Cane Toad issue,
October 1977.             grabbed the largest number of parliamentary seats with the smallest number         invincibility, deadly poison sacs and morose frown. The idea was simply
                                                                    of primary votes. Labor won half the     funny. And so The Cane Toad Times was born.
                                                                    two-party preferred vote, but ended          The original Cane Toad Times collective was a group of young
                                                                    up with only 41 per cent of the seats    Queensland writers and friends who had met at the University of Queensland
                                                                    to the Coalition’s 59 per cent. Hmm.     in the 1970s, including John Jiggens, David Richards, Gerard Lee, Ian
                                                                    Does that seem fair to you?              Roberts, Bill Thorpe, Sue McLeod and Janice Knopke, who teamed up with a
                                                                         As time went on, protests were      group of cartoonists from 4ZZZ‑FM’s Radio Times, including Matt Mawson,
                                                                    crushed, venues shut down and young      Terry Murphy, Damien Ledwich and Ross Hinckley.
                                                                    people fitted up, busted and harassed.       The year of 1977 began two crucial years of pitched battle on the campuses
                                                                    Joh’s mangled rants about getting rid    and streets of Brisbane. The battle was between Joh and his cohort of white-
                                                                    of communists and unions, weeding        shoe-brigade property developers, industrialists and open-cut profiteers on
                                                                    out troublemakers and atheists,          one side, and on the other a rag-tag alliance of civil liberties lawyers, Marxists,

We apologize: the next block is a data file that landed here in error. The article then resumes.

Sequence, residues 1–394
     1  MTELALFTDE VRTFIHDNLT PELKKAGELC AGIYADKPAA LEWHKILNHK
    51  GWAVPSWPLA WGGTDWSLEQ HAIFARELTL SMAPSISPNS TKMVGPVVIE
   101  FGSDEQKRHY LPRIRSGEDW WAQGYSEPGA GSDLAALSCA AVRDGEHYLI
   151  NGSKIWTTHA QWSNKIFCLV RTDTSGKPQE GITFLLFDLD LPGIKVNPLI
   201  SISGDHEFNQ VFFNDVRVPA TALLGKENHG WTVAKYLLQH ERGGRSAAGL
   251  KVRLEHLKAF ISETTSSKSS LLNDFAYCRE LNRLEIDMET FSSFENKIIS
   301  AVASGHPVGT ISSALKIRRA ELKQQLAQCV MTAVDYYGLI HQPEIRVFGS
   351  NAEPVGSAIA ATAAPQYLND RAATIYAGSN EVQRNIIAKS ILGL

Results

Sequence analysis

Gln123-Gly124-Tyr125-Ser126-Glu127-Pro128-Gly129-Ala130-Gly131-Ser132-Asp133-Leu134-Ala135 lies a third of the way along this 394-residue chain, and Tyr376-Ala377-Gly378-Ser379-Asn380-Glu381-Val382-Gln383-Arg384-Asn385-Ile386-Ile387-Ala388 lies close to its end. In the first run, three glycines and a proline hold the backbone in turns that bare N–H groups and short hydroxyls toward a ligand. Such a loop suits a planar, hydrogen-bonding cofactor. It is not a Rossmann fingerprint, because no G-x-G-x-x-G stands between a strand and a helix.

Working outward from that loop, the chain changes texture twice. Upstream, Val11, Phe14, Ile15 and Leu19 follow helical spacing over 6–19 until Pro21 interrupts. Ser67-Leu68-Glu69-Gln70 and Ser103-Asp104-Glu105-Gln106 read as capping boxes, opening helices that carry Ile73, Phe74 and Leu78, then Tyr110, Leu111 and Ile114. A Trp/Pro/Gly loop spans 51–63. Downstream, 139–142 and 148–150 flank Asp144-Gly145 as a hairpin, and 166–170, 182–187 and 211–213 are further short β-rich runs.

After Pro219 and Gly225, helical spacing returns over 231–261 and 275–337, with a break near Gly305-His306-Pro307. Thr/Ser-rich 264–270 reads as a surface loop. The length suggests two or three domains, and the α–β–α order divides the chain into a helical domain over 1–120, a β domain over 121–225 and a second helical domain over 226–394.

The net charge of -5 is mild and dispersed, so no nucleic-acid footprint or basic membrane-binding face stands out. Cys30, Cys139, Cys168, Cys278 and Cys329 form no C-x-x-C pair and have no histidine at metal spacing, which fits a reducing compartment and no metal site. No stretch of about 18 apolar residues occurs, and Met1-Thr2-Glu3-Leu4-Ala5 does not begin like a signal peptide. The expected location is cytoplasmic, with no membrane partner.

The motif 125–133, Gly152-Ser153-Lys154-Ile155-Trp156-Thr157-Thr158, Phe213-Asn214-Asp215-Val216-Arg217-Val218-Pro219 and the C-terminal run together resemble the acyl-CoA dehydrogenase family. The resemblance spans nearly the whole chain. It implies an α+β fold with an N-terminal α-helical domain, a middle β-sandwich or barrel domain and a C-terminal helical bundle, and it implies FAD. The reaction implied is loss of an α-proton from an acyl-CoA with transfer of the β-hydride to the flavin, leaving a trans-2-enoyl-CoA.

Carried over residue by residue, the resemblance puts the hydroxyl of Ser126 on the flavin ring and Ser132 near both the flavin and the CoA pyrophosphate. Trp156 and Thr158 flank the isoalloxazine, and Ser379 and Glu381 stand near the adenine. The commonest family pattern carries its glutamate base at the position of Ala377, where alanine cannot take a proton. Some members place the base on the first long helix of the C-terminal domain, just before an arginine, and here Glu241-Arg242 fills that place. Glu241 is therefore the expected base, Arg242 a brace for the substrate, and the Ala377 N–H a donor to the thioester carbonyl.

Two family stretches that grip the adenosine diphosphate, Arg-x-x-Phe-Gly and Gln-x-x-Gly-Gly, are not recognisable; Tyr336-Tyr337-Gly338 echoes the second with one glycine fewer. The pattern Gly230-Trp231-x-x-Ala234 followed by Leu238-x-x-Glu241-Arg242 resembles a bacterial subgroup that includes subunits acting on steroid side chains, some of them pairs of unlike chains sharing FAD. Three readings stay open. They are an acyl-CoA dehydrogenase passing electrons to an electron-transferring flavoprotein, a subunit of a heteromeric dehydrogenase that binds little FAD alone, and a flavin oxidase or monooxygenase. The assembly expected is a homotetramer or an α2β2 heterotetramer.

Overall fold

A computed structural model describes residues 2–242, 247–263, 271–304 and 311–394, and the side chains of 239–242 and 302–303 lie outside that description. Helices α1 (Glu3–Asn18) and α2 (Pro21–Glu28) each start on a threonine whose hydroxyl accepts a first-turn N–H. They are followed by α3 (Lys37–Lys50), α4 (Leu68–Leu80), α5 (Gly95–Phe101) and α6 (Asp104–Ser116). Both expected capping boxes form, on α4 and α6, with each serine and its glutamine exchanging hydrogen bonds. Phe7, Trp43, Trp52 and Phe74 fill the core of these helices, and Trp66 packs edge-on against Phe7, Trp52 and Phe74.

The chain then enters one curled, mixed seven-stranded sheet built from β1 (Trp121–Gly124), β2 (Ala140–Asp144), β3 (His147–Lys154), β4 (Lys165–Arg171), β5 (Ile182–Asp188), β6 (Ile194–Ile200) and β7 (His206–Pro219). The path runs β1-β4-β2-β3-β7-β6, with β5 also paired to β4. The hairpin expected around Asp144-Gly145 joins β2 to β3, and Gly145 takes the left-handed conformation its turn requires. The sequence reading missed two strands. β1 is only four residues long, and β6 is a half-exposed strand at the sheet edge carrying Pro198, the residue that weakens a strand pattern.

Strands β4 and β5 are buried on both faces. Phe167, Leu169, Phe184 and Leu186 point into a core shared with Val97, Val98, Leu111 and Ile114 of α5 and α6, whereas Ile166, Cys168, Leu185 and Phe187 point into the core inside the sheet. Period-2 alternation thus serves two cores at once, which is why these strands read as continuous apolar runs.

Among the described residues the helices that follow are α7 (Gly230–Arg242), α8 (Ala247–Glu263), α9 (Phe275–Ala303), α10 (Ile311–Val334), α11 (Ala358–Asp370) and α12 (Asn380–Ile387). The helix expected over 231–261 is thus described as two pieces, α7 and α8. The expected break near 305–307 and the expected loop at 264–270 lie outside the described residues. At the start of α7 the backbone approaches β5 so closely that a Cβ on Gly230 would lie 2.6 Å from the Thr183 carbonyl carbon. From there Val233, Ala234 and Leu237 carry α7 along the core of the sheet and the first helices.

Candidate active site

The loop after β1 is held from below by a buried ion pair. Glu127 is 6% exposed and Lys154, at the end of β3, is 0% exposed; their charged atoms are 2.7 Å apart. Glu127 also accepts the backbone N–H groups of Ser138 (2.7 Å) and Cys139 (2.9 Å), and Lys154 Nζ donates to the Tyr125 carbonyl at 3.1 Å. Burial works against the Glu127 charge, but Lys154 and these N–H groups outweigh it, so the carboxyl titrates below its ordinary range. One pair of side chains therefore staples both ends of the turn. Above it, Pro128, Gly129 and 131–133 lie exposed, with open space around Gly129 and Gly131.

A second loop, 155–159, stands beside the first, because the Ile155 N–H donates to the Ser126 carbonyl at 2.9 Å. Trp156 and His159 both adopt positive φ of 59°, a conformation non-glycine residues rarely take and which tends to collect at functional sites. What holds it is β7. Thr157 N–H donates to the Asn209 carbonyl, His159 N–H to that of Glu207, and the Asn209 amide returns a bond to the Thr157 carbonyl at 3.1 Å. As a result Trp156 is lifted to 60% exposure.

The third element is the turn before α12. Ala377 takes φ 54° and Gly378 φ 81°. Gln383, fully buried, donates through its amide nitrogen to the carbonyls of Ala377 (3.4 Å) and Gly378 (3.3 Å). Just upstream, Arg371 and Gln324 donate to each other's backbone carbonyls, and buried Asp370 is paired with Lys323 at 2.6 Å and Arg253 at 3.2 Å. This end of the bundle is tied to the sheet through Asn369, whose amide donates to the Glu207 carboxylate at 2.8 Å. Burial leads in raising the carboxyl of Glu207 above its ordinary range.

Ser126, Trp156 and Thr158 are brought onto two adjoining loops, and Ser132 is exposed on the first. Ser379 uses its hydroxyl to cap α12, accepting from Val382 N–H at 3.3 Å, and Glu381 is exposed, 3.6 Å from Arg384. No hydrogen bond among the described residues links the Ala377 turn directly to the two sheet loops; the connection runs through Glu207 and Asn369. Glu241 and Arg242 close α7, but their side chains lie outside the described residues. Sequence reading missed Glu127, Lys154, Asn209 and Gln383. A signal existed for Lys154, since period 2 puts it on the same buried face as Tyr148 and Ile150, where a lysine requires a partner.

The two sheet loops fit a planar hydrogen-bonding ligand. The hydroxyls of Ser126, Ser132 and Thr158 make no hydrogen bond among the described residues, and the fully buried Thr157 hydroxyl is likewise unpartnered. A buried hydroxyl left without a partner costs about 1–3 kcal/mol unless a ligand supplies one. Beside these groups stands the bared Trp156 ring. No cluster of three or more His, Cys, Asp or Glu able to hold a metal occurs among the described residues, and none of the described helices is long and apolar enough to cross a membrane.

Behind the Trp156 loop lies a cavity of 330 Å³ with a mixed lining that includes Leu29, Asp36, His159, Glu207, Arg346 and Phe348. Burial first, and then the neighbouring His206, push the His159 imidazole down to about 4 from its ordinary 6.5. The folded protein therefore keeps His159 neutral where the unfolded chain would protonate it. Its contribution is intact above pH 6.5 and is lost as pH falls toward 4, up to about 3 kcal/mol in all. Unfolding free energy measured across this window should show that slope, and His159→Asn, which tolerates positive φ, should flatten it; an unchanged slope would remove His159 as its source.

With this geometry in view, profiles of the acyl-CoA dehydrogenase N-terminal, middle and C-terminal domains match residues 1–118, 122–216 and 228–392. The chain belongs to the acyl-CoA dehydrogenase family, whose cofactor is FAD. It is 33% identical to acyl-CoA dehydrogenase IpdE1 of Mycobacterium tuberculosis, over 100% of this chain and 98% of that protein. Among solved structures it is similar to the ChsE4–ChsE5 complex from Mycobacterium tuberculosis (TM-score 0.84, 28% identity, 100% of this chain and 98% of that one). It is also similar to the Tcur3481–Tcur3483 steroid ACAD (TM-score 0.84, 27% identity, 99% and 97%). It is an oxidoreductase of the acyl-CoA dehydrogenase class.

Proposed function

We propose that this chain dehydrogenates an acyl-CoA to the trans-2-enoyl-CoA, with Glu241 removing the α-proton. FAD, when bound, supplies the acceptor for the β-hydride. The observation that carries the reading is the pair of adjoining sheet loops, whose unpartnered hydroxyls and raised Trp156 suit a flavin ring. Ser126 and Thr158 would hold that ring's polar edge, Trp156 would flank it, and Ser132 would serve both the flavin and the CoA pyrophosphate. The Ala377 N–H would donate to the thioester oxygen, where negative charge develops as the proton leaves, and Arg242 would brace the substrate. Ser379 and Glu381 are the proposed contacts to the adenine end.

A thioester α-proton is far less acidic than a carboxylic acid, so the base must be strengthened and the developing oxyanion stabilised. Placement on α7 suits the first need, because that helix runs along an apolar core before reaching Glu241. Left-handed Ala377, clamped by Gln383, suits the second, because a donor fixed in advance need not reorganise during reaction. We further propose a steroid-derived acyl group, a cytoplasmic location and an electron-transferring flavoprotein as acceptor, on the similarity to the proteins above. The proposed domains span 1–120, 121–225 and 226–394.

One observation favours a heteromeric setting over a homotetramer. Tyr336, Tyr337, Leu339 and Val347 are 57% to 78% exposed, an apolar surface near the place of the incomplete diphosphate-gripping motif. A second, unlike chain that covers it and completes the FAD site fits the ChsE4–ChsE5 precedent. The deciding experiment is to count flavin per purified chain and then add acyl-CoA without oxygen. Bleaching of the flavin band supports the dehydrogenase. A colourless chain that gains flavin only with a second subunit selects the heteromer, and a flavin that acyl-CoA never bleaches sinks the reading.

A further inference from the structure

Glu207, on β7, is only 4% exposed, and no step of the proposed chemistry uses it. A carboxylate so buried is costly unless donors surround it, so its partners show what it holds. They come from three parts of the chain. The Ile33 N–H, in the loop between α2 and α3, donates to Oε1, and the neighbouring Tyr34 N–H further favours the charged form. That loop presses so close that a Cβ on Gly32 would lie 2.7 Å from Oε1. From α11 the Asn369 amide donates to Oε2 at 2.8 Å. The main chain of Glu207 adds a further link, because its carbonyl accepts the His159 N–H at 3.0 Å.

became inextricably interwoven with      students, academics, unionists, musicians, actors and feminists.
                                                                    notions of Queensland pride. There           In May 1977 the first issue of The Cane Toad Times hopped off the presses.
                                                                    was widespread nodding agreement         On its cover was a world-weary Silver Jubilee Cane Toad Queen. So began a
                                                                    with Joh’s disgust with gays, greens,    tradition where no cow was too sacred, no poon left unlampooned. It was a
                                                                    blacks and reds. Protesters were         declaration of independence, a generation claiming its own space, its own fun.5
                                                                    misfits and malcontents, typified            One of the key contributors was Matt Mawson, cartoonist and layout artist
                                                                    by Joh as ‘friends of the dirt’, the     from the first issue in 1977 and a major force in the second collective, 1983–
                                                                    ‘anti‑nuclear lot’ and the ‘everything   90. Matt was a link between the two groups, along with Damien Ledwich and
                                                                    for the Aborigines crowd’. By 1983,      Terry Murphy, both of whom also worked on 4ZZZ’s Radio Times.
                                                                    Joh’s Nationals were ruling in their         Matt remembers the first collective produced the magazine at the Planet
                                                                    own right with the simple slogan         Press building in Spring Hill, where games of indoor cricket occurred in
                                                                    ‘Joh. Queensland.’3                      breaks between sessions of magazine production. John Jiggens held editorial

50                        Eccentric Voices: A scrapbook of Brisbane cultural history 1965–1995               Eccentric Voices: A scrapbook of Brisbane cultural history 1965–199551
meetings at his home in Miskin Street, Toowong. The illustrators could
     get creative with the Cane Toad Times layout – Damien and Matt would
     encourage each other to push the limits.6
          Over the next fourteen years there would be twenty-two issues of The
     Cane Toad Times, produced by the two collectives. The first collective
     produced seven issues from 1977 to 1979. The second collective produced
     fifteen issues between 1983 and 1990. Originally a stapled quarterfold,
     the magazine assumed its eventual tabloid size by the fourth issue,
                                                                                                                                                                         There were seven issues
     The Incredible Peanut.                                                                                                                                              of The Cane Toad Times